WR: Cielo Cracks Out 46.91 100 Free
Jul 30, 2009 - Craig Lord
Rome 2009, Day 5:
Men's 100m freestyle final
Cesar Cielo (BRA) becomes first official man under 47sec to win 100m free crown in 46.91 ahead of Alain Bernard (FRA), the first unofficial man below 47 and silver medal winner in 47.12. The X-Glides defeated the Jaked, which was worn by Fred Bousquet (FRA) on his way to bronze in 47.25.
Cielo sang his anthem for a minute and then broke down, As tears rolled down his face, the Roman crowd responded to his emotion with a roar of appreciation. Cielo's podium performance was the most sincere of these championships so far, in so far as it highlighted that behind the suits, behind the monotonous fall of world records, behind the sham of a result sheet skewed by equipment that ought never to have been allowed to overshadow the swimmer, there is immense dedication, hard work and sacrifice.
Those things will walk out into the sun with the swimmer once more in 2010, when FINA brings an end to the circus in a return to textiles, smaller suits and swimming.
That made 25 world records so far in Rome, matching the number of world marks set in Beijing when the LZR was the fastest suit in town. No longer.
Cielo, Olympic 50m champion, blasted 0.14sec off the standard set by Eamon Sullivan (AUS) in the semis at the Beijing Olympic Games. The blue ribband world record is now almost a second faster than it was at the beginning of February 2008 before the LZR launched an assault on swimming as a technique-based sport.
The splits compared:
Coach at Auburn to Cielo and Bousquet, Brett Hawke, took the champion's goggles to the Vatican and dipped them in Holy water for the catholic sprinter. "It meant alot to him," said Hawke, who has coached his sprinters well but had the grace to acknowledge the contribution that suits had made to the times on the clock.
Hawke spoke in response to a question put to Cielo. Did he think that sub-47sec times were possible in textile briefs? The champion said: "We will see next year. The thing is we know how to do it. We know what we need to do to do to get to 46. If we believe it we can do it."
Others at these championships have spoke about the effects of suits and the lessons that have been learned from them. "I believe in what Cesar says," says Hawke. "I think it won't come immediately. There is no doubt that these suits are helping but the swimmers have now swum these times. Once this is in your head as an athlete it is hard to get out. I think it is possible in the next few years [to get below 47 in textile shorts]," said Hawke.
For many years, artificial props have been used in training to simulate faster speed than swimmers can achieve naturally, from use of flippers to ropes and other means and methods. None of which means that the swimmer can replicate the speed being learned in the actual race. Nor is this just about those at the very helm of the sport. Just 18 months ago two men had ever managed to get below 48sec over 100m freestyle and they did so in textile suits, leggings and a full body no arms. Now there are 19 men in the sub-48sec zone.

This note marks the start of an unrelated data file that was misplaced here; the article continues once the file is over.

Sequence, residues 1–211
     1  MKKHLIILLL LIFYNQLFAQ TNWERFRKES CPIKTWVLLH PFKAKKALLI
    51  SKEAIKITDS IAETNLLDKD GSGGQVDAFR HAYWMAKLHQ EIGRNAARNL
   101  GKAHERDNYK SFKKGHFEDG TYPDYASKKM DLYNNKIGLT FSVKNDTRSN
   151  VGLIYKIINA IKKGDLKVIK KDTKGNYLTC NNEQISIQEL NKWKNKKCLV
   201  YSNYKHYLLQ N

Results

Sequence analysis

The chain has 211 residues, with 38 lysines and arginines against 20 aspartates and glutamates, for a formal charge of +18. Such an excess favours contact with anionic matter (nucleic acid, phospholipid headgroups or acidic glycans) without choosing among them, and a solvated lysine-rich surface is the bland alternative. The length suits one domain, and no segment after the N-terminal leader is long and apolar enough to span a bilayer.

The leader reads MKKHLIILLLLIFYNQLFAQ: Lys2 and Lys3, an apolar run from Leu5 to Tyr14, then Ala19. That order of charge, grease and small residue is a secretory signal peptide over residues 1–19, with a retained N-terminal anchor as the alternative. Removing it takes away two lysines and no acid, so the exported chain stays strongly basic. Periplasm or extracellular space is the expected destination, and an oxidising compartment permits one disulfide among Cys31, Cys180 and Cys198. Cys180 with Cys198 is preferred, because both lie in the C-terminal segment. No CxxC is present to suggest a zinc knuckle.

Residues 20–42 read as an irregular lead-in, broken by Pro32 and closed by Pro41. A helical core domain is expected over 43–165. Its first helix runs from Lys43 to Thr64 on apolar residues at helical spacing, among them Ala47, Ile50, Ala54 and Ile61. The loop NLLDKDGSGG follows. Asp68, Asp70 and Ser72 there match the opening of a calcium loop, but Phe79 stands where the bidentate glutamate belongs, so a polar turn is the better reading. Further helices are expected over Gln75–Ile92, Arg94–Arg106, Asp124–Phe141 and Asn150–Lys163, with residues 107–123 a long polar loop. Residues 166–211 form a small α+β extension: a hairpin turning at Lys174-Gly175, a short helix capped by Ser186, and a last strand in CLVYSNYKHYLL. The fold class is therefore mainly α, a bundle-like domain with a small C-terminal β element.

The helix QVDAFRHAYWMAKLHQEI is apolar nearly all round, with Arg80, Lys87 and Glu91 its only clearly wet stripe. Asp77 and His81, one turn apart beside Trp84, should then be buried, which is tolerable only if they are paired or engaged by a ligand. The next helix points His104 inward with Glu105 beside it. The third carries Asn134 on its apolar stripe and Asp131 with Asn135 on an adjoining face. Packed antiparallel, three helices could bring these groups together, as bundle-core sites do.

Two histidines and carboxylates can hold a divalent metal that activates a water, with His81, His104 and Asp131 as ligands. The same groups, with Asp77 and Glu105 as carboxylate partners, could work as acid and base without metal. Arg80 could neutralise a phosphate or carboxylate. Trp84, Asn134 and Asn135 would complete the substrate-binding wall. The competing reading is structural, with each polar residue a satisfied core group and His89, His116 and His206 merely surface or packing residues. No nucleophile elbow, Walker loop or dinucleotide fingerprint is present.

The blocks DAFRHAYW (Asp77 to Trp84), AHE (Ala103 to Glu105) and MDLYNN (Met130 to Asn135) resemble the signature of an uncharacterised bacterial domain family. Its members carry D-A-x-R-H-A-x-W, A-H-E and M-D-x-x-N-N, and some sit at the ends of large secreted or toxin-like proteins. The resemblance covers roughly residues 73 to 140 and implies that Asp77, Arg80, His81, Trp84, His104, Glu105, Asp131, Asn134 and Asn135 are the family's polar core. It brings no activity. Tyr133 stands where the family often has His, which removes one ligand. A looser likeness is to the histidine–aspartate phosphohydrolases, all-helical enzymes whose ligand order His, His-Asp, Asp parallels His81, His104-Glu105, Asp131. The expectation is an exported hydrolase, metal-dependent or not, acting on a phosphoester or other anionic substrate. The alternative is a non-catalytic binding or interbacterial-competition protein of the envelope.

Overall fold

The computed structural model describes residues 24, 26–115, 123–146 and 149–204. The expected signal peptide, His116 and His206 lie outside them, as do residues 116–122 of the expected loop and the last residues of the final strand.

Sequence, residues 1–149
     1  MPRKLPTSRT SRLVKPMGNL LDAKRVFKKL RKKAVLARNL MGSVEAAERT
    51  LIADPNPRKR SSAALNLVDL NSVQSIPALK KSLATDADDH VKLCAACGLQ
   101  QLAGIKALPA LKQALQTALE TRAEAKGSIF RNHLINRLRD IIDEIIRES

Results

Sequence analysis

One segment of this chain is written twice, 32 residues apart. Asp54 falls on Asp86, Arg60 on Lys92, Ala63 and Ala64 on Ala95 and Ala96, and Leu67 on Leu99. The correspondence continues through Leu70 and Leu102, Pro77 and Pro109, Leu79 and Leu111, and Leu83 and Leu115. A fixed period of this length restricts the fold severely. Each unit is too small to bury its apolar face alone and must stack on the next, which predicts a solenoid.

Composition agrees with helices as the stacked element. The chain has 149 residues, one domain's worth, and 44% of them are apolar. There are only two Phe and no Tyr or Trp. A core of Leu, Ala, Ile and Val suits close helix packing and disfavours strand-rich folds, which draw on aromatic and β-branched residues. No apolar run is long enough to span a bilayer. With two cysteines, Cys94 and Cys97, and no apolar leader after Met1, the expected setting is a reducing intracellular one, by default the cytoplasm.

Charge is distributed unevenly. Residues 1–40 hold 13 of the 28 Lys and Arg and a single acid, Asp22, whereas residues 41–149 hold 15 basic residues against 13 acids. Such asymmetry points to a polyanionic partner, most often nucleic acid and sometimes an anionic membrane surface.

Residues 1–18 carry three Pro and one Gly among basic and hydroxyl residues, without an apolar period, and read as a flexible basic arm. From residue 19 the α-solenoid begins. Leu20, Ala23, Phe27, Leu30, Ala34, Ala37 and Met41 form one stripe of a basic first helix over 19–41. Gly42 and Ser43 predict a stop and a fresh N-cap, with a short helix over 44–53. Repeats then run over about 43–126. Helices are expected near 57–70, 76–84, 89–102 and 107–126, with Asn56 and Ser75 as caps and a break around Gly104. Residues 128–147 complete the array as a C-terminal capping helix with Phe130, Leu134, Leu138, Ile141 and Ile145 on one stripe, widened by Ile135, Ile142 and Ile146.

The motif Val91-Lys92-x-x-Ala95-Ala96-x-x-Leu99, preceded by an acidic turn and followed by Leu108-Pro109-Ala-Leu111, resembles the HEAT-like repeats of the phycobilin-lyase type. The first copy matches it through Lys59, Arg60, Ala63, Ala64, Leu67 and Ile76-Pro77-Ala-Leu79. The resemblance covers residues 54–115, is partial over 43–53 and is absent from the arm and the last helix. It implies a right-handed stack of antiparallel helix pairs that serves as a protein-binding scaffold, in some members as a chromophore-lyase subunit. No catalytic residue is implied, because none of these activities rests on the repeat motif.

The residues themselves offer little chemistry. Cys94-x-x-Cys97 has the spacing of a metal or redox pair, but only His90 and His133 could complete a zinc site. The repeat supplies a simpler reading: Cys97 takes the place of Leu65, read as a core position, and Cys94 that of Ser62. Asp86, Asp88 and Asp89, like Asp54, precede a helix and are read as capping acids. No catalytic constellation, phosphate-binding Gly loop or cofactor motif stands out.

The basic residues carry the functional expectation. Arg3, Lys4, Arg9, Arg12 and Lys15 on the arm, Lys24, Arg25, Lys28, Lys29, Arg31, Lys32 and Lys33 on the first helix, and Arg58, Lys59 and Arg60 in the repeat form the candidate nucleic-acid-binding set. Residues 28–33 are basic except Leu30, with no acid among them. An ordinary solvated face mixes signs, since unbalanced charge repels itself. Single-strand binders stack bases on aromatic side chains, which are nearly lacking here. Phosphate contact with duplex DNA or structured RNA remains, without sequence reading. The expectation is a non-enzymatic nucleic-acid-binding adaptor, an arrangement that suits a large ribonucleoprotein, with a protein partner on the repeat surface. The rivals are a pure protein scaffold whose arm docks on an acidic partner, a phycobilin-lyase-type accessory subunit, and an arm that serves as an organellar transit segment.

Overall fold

Swimmers must believe but the body also has to deliver. As Cielo says: we will see next year. The more certain thing is the he will be a player in whatever he wears. The difference will be that is achievements will not be tainted or called into question because of the presence of a suit. It is good to hear Hawke acknowledge that the suit contributed to the times that his sprinters have knocked out this season.
Cielo's was the first gold for Brazil in Rome. The sprint king is also one of only two South Americans ever to win a world l/c swim title. The other was countryman Ricardo Prado in the 400m medley back in 1982.
The sprint title was nailed with "a perfect finish", said Cielo. "I just focused on what I needed to do, and there was a little bit of luck thrown in there." Alot of effort too: "I got close to my limit - and that was key." Asked about the tears that he shed in Beijing and again here in Rome, he said: "It’s not easy being Brazilian. Everyone expects that when you race, you should win, and coming in second is a disappointment. When I went to race, I couldn't feel my hands; my face, yet I knew I had to perform even though I couldn’t feel my body. When I got on the podium after it all, I relaxed a bit, but yes, I was emotional."
Bernard, Olympic champion, was gracious in defeat, saying: "The main lesson I will take from this race is that, well, of course second was not ideal, but anyway, I worked very hard over the last year and I will continue to do that. I don’t believe second is a failure. I put all my energy and strength into the final and making the final and I did it well."
Meantime, we recall that the 2007 title went to Filipo Magnini (ITA) and Brent Hayden (CAN), in 48.43, with Eamon Sullivan (AUS) third in 48.47. A little over a year year and wearing a Speedo LZR with its polyurethane panels that stole a march on rivals by interpreting FINA guidelines on suits in a way that no other suit maker had, Sullivan took the mark down to 47.05 in the semi-finals at the Olympic Games in Beijing. Performance enhancement from suits had never been so obvious as the times on the clock.